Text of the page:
In older, traditional New York apartment buildings, the standard would be one story of retail, but Broadway in this neighborhood is such an important retail street that over the years two stories of retail has become the norm. We’re continuing that more recent tradition with glassy double-height storefronts along Broadway. We put the residential entrance on the quieter side street, another New York tradition, and we’ve given the facade along 81st Street a rusticated masonry expression. The Classical language enables us to integrate these two aspects of the building into a single identity.
The apartments are already designed. What custom options are available?
DL: The kitchens, master baths, secondary baths, and powder rooms each have their own design that is carried through all the apartments. The designs allow easy customization by residents; we anticipate that people might choose wallpaper, special paint colors, or special paint finishes to make these rooms more specific to their tastes. The kitchens have painted cabinetry that can be repainted, although we have a chosen a beautiful off-white tone.
What aspect of the project did you find the most satisfying from a design point of view?
RAMS: There’s no single aspect; it’s the complexity that makes it most interesting. The opportunity to fit a new building into an existing neighborhood, like filling in a missing tooth. The opportunity to have shops along Broadway, and then turning the corner to create a very quiet residential aspect on the side street. The idea that there are a multitude of apartment types inside, which leads to a rich pattern of windows. And then the setbacks; while many architects roll their eyes at the setbacks required by the New York City zoning ordinance, I welcome them. They give intricacy to the building’s profile and create opportunities for outdoor terraces big enough to entertain.
Tell us more about the actual craftsmanship.
DL: There is a combination of stone and cast-stone. The stonework completed by GMJ Contracting using limestone from Vermont Stone Art includes beautiful carved stone detailing on the lower floors. Some of that detailing switches to cast stone on the upper levels; for that we’re working with skilled craftsmen at Accurate Stone in Brooklyn, a New York company that’s been in business forever. Even with elements of the building that are factory-built, such as windows, we devote a lot of care and attention to collaborating with fabricators to produce something that’s more beautiful, more specific to our design, than you would normally see.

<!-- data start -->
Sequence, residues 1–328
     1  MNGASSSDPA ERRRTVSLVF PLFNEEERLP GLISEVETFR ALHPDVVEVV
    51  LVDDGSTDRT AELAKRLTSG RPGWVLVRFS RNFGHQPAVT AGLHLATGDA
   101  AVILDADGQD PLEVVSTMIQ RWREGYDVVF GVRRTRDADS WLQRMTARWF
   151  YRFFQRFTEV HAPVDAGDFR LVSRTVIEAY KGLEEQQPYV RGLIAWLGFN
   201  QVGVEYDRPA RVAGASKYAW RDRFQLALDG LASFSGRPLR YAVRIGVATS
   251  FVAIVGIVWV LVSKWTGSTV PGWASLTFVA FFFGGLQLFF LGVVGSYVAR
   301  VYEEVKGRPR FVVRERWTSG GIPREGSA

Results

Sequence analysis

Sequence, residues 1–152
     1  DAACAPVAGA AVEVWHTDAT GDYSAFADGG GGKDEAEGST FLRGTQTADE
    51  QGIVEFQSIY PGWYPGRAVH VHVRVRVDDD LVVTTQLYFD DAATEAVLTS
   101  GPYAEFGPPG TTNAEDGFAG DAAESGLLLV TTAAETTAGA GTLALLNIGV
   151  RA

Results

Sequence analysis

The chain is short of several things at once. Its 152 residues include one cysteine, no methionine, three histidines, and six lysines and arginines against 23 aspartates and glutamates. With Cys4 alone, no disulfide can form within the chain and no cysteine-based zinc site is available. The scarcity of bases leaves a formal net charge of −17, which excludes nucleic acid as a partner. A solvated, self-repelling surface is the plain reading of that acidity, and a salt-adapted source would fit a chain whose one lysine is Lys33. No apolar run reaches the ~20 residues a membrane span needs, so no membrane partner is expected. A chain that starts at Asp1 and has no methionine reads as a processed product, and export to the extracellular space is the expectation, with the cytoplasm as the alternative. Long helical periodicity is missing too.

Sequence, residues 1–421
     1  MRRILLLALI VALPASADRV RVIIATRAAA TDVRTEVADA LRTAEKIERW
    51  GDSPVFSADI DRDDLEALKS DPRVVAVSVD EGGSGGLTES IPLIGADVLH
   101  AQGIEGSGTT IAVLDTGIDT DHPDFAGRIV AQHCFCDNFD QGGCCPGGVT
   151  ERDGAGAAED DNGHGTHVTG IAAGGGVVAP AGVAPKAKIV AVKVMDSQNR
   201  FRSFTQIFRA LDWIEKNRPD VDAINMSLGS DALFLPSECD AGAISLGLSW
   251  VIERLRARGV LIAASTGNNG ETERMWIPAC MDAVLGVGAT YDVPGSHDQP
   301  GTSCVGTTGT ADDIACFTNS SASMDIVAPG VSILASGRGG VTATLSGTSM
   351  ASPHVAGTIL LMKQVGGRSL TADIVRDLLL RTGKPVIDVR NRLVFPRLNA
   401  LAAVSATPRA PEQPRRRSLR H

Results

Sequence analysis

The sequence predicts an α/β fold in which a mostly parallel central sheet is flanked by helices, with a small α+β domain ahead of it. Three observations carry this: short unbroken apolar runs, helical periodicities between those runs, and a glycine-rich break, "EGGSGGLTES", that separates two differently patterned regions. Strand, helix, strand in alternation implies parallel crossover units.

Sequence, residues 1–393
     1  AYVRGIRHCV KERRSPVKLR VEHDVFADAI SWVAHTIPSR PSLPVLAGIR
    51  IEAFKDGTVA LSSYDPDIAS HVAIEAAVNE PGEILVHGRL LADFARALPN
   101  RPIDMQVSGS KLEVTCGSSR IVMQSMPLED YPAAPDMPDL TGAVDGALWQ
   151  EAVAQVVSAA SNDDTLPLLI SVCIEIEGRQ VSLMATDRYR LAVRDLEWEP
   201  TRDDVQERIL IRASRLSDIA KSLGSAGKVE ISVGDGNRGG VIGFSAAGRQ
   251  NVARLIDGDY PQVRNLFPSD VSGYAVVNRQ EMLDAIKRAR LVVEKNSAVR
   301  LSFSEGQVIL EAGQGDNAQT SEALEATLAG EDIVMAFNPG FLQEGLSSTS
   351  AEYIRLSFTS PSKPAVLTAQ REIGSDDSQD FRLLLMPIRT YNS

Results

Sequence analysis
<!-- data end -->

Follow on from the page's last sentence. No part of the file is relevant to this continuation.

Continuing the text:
Within the apartments, the kitchens, for example, which we designed in collaboration with Smallbone of Devizes, capitalize on the level of craft that Smallbone can achieve and go beyond what is typical, utilizing some of their signature details along with our own take on what is right for this building. Master baths have beautiful stone detailing with marble wainscots.
Is there anything else about the project you would like to share?
RAMS: One of the things I’m totally gratified by is that people have been complimenting me on the building. Most buildings by contemporaries of mine are visually stunning but disliked by New Yorkers; our buildings are the odd man out because they’re so well liked. I am an architect who wants to build buildings for people to enjoy, to live in, to work in, and just to take pleasure in seeing every day as they walk by.
DL: I moved to New York to go to school at Columbia and spent several years living on the Upper West Side. I have great affection for this neighborhood, so the opportunity to do a building right on Broadway—which is a major focal point—is very exciting.